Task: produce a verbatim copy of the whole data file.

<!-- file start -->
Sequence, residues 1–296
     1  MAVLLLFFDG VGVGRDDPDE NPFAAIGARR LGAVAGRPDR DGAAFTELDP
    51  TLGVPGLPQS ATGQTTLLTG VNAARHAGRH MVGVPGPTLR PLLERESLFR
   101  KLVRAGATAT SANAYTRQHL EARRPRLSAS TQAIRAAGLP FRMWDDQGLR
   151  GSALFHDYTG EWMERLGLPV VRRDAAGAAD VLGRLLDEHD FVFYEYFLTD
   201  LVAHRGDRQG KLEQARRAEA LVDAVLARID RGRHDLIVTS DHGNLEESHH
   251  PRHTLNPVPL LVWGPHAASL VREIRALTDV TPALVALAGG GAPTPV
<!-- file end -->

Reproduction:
Sequence, residues 1–296
     1  MAVLLLFFDG VGVGRDDPDE NPFAAIGARR LGAVAGRPDR DGAAFTELDP
    51  TLGVPGLPQS ATGQTTLLTG VNAARHAGRH MVGVPGPTLR PLLERESLFR
   101  KLVRAGATAT SANAYTRQHL EARRPRLSAS TQAIRAAGLP FRMWDDQGLR
   151  GSALFHDYTG EWMERLGLPV VRRDAAGAAD VLGRLLDEHD FVFYEYFLTD
   201  LVAHRGDRQG KLEQARRAEA LVDAVLARID RGRHDLIVTS DHGNLEESHH
   251  PRHTLNPVPL LVWGPHAASL VREIRALTDV TPALVALAGG GAPTPV